Peripheral polyneuropathy in type 2 diabetes mellitus and impaired glucose tolerance. Correlations between morphology, neurophysiology, and clinical findings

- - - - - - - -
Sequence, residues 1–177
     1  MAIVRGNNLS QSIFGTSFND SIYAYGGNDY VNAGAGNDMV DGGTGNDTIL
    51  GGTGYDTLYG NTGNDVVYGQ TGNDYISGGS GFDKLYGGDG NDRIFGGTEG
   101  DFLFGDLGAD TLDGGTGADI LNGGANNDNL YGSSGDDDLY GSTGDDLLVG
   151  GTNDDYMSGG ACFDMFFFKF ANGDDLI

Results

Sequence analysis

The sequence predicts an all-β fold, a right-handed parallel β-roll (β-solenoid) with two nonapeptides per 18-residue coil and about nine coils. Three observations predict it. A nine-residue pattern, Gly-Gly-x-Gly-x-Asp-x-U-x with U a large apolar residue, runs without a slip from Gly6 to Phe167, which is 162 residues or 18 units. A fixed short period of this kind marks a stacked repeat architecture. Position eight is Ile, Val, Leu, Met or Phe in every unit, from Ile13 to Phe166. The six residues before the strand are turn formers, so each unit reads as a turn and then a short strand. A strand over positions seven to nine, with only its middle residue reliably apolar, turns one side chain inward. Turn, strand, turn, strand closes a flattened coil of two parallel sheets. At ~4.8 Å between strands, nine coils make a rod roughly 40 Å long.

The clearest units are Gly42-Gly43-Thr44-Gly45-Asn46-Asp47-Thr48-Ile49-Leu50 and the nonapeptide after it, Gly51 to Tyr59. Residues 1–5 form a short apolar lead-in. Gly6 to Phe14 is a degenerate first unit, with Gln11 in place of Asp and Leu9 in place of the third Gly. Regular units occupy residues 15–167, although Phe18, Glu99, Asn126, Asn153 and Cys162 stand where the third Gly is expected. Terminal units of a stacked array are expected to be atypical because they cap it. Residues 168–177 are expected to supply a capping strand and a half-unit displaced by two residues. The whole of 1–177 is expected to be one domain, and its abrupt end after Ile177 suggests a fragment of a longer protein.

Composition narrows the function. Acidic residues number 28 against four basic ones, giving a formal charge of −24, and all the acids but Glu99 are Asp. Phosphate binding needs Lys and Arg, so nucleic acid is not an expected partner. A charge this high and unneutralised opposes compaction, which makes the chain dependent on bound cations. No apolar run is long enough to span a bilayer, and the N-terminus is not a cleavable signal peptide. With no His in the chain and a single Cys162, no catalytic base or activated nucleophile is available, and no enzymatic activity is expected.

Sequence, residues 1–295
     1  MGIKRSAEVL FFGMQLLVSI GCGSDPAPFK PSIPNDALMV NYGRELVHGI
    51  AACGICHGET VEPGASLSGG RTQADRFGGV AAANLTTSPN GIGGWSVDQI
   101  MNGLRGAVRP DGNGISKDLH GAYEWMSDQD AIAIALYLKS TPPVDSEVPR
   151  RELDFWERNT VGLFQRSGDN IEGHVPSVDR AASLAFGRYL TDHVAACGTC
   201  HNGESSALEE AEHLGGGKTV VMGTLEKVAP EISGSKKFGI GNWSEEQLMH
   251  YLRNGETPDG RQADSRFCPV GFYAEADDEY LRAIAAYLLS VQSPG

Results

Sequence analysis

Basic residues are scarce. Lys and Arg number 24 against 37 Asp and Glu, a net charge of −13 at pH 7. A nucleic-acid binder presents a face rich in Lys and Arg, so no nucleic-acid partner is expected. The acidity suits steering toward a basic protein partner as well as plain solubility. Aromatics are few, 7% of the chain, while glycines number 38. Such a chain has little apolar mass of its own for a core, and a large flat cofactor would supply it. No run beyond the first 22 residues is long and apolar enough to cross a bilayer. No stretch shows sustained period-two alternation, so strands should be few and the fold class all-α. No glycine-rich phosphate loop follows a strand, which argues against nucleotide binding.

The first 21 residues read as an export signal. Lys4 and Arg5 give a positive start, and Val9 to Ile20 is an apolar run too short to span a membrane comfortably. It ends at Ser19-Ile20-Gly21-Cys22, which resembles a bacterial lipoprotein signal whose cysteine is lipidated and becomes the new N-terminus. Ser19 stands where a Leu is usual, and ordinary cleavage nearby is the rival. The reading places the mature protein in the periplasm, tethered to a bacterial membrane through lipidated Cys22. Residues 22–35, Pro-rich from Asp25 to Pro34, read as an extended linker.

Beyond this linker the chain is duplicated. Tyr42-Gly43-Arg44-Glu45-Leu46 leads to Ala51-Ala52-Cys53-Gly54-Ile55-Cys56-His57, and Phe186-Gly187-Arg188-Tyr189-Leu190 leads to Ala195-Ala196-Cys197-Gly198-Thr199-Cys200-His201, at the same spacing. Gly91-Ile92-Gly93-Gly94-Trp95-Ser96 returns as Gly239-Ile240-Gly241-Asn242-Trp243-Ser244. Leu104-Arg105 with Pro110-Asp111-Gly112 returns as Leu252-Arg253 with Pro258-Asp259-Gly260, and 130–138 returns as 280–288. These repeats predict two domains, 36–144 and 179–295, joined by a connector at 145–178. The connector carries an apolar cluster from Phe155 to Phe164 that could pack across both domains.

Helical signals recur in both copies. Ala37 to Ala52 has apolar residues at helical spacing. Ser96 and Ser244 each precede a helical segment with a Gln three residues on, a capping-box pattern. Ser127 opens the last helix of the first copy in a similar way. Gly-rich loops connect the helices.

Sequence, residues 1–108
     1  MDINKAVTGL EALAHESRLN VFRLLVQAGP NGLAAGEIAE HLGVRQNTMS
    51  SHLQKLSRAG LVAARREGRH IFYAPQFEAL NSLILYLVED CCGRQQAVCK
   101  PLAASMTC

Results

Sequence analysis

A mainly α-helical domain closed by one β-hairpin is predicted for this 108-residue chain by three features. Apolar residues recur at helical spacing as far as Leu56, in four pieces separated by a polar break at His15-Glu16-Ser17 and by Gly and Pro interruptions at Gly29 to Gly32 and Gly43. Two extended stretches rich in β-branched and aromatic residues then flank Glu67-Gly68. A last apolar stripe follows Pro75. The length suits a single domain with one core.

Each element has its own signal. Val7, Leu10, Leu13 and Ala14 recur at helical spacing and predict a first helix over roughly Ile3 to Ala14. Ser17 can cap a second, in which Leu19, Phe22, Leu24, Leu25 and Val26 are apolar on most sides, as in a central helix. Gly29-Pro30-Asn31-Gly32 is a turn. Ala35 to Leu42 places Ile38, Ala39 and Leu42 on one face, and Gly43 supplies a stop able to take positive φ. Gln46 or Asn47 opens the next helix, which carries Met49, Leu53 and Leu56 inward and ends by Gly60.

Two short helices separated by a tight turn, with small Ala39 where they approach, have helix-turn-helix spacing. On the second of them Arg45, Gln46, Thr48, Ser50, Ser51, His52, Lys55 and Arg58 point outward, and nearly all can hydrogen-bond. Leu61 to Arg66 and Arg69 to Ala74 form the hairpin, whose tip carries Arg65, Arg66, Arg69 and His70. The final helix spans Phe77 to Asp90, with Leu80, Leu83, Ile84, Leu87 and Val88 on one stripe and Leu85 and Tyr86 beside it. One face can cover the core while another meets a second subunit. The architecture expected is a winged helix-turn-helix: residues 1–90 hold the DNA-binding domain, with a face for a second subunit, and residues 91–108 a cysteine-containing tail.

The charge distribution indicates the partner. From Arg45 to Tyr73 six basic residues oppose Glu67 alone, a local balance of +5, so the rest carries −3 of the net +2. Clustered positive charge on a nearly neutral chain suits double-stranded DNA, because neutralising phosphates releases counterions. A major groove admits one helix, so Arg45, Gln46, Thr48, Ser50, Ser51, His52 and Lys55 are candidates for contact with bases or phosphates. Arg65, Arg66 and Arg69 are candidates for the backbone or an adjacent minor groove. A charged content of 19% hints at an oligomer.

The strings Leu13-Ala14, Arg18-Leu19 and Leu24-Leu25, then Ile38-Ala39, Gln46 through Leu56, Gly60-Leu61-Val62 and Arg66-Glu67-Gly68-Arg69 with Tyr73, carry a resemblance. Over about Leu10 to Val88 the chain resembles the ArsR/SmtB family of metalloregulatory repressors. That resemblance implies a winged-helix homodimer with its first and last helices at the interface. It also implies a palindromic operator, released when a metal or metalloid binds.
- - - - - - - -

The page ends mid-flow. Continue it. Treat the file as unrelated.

Abstract: Diabetic peripheral polyneuropathy (PN) is a common and serious complication of diabetes. The prevalence of PN is rising with the global burden of type 2 diabetes. The causal mechanisms of PN are not fully understood, but both vascular and metabolic factors play a role. New methods of investigating PN need to be correlated with standard methods in well-defined, population-based cohorts. Objectives: The overall aim was to investigate endoneurial microvascular abnormalities of the sural nerve and intraepidermal nerve fiber loss in type 2 diabetes and impaired glucose tolerance (IGT), in relation to glucose dysmetabolism, and clinical and neurophysiological measures of PN. Methods: Subjects were recruited from a prospective, population-based study of males from Malmö, Sweden (6956 responders). From this cohort, 182 individuals in three groups were identified, [69 with type 2 diabetes, 51 IGT, and 62 normal glucose tolerance (NGT)], matched for age, height, and body mass index (BMI). Endoneurial microangiopathy and myelinated nerve fiber density (MNFD) were assessed in 30 sural nerve biopsies (from 10 men with type 2 diabetes, 10 IGT, and 10 NGT). Intraepidermal nerve fibers (IENF) were assessed in skin biopsies from the distal leg in 86 subjects (50 men with type 2 diabetes, 15 IGT, and 21 NGT) and graded as absent IENF, low (1–3 IENF/section), or high (> 4 IENF/section) counts of IENF. The subjects underwent oral glucose tolerance test, clinical examination (Total Neuropathy Score; combined Neuropathy Symptom Score and Neuropathy Disability Score), and neurophysiological tests (nerve conduction and quantitative sensory testing) at baseline and at follow-up (6–10 years later). Vibrotactile sense of the index (median nerve) and little fingers (ulnar nerve) was assessed in 58 subjects (23 type 2 diabetes, 7 IGT, 28 NGT) with persistent glucose tolerance for 15 years. Results: Increased endoneurial capillary density was linked to current diabetes and future progression from IGT to diabetes. Decreased capillary luminal area was associated with deterioration of glucose tolerance. Increased basement membrane area was related to clinical PN. A low baseline sural nerve MNFD (< 4700 fibers/mm2) was associated with future progression of neurophysiological dysfunction in the peroneal and median nerves. MNFD correlated negatively with BMI. Absence of IENF was related to low sural nerve amplitude and conduction velocity, and high cold perception threshold. Vibrotactile sense was impaired in the index and particularly the little finger of diabetic subjects, mainly at high frequencies (250–500 Hz). IGT did not affect vibrotactile sense. Conclusions: Sural nerve endoneurial microangiopathy is related to glucose dysmetabolism and clinical PN. MNFD may predict future nerve dysfunction. Obesity may be a risk factor for PN. IENF count correlates with neurophysiological measures of PN. Vibrotactile sense is impaired in the fingers, particularly innervated by the ulnar nerve at high frequencies, in patients with type 2 diabetes but not those with IGT.
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